All Christians were slaves, and no Christian has ever set himself free.

What Jesus Christ, God incarnate, accomplished on the cross only God could accomplish. Any amount of sin, no matter how small, separates us from a perfectly good, holy God. God, our Creator, loves us and wants us to know him, but he’s also perfectly good and just, and he can’t simply overlook sin. If he simply excused sin and evil, he would no longer be good and, thus, no longer God. Yes, there are things God can’t do, things against his very nature, and God’s very nature is perfectly god and just.  But it is also perfectly loving.

What could he do with this conundrum? The only thing that could be done: God became a man, lived a perfect life that none of us can, and experienced death, the penalty for sin.

Being both God and man, he was the perfect sacrifice and atoned for the just punishment for all of humankind. The work is finished, completed by the only one who could do it. And now all that can be done is to accept or reject this free gift.

This is the Gospel. This is the good news of Jesus Christ.

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Considering all that we’ve discussed above, can any Christian justify an arrogant or pompous attitude? Paul tells us the correct mindset of one who truly understands salvation alone through Jesus Christ:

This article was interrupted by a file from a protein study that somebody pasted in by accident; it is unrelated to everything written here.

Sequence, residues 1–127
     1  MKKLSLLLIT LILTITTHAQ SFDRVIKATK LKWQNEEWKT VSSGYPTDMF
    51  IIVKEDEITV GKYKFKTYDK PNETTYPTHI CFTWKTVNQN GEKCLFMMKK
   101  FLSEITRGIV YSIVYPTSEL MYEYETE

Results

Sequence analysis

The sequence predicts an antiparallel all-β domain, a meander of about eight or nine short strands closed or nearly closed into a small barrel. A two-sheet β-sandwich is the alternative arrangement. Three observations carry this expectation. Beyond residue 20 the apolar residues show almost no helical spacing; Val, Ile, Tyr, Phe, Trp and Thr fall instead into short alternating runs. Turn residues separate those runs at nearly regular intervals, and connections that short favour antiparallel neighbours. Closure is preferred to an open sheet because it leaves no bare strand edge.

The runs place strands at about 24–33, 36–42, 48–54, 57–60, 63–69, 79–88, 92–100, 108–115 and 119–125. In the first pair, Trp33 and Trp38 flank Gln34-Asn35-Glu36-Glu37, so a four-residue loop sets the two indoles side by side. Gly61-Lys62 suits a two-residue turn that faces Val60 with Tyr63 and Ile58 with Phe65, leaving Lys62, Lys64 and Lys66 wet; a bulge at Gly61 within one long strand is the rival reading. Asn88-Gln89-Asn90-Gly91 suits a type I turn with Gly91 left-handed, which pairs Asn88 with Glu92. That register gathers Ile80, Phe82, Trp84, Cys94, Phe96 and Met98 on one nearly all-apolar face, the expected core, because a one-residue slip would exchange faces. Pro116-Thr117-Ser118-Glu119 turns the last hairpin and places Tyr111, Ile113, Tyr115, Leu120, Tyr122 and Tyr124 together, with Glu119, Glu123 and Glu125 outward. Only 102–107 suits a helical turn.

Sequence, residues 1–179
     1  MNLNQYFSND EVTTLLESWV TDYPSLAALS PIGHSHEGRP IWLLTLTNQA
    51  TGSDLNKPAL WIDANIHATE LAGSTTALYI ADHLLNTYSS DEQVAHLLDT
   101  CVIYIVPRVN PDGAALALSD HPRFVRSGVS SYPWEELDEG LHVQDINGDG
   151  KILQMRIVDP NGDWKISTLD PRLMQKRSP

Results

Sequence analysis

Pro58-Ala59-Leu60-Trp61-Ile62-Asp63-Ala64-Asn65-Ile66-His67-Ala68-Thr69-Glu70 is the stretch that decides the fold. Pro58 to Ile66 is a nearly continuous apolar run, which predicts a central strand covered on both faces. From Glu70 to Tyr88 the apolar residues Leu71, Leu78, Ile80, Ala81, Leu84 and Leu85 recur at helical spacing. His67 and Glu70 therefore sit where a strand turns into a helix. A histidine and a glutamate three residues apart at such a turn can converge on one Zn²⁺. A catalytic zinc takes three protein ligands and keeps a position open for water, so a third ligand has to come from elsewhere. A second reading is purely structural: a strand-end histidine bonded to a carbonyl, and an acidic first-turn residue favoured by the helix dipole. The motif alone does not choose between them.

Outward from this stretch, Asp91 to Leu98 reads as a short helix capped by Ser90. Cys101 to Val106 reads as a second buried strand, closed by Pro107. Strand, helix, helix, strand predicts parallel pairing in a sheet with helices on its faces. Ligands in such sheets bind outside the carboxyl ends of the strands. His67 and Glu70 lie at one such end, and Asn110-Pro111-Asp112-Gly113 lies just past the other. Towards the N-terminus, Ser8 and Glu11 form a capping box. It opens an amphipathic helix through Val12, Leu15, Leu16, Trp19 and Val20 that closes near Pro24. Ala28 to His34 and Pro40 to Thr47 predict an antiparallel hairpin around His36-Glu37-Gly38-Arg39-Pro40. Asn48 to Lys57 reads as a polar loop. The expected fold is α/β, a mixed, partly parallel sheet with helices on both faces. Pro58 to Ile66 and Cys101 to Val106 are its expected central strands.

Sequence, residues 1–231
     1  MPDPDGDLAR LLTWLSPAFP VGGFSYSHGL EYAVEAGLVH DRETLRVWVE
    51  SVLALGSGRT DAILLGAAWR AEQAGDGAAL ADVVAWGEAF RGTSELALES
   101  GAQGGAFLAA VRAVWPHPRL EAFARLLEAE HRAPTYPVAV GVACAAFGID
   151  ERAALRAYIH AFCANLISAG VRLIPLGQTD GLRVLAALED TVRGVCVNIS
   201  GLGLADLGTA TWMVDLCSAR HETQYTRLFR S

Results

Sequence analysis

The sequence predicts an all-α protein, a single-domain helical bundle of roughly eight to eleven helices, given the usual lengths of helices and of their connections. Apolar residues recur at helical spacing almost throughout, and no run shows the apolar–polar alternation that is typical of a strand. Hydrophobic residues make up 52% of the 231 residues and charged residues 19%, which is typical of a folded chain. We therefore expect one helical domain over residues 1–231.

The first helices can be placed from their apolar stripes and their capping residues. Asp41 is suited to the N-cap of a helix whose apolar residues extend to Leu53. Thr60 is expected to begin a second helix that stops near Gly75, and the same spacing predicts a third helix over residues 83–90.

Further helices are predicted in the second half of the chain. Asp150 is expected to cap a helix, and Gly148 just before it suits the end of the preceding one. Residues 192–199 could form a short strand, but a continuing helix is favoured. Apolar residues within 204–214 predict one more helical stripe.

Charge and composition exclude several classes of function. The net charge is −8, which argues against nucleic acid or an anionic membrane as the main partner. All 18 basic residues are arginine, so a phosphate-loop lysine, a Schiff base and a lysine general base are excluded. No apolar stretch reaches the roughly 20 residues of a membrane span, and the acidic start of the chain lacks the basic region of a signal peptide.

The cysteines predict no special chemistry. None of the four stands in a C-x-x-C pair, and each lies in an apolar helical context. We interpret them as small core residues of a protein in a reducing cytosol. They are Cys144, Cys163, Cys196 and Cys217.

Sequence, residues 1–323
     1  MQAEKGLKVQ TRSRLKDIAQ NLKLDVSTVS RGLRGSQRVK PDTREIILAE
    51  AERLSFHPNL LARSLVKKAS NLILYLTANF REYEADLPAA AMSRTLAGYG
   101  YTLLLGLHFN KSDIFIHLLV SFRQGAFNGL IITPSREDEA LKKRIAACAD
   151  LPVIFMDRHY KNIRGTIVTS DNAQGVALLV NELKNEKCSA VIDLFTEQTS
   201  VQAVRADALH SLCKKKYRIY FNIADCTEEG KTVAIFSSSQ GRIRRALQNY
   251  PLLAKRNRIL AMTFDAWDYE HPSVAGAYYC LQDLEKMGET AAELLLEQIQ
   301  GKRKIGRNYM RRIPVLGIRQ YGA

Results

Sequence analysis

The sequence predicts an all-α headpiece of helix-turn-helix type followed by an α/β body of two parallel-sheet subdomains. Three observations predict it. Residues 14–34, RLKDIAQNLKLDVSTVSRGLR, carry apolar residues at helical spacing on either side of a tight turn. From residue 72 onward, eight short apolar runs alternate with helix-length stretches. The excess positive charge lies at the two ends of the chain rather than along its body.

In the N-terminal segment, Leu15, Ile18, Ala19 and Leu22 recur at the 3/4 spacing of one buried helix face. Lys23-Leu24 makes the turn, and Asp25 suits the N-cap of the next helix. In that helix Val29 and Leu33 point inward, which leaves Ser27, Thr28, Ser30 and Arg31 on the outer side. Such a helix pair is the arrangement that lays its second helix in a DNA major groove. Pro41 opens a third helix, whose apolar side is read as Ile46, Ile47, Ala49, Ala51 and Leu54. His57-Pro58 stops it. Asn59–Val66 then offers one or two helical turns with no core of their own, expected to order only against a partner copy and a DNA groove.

“…the fruit of the Spirit is love, joy, peace, forbearance, kindness, goodness, faithfulness, gentleness and self-control” (Gal. 5:22-23).

Since everything we have comes from God, we can ask,

“What do you have that you did not receive? If then you received it, why do you boast as if you did not receive it?” (1 Cor. 4:7)

God created us. God died for us to free us from our sins. God has liberated us from death, both spiritually and, one day, physically. Thus, Christians should not be arrogant, boastful, or sinfully proud. Christians should be understanding, patient, and kind to fellow believers and unbelievers alike. To Christians who are otherwise, I say: You should know better.

Paul, writer of much of the New Testament and the church’s greatest missionary, had been a persecutor of the church before Jesus appeared to him and changed his heart. He had aggressively arrested Christians and even saw some put to death when he was known as Saul (See Acts 8:1-3). But Christ showed him grace and called him out of darkness, just like he did to all Christians. Therefore, Christians should have the same humility as Paul: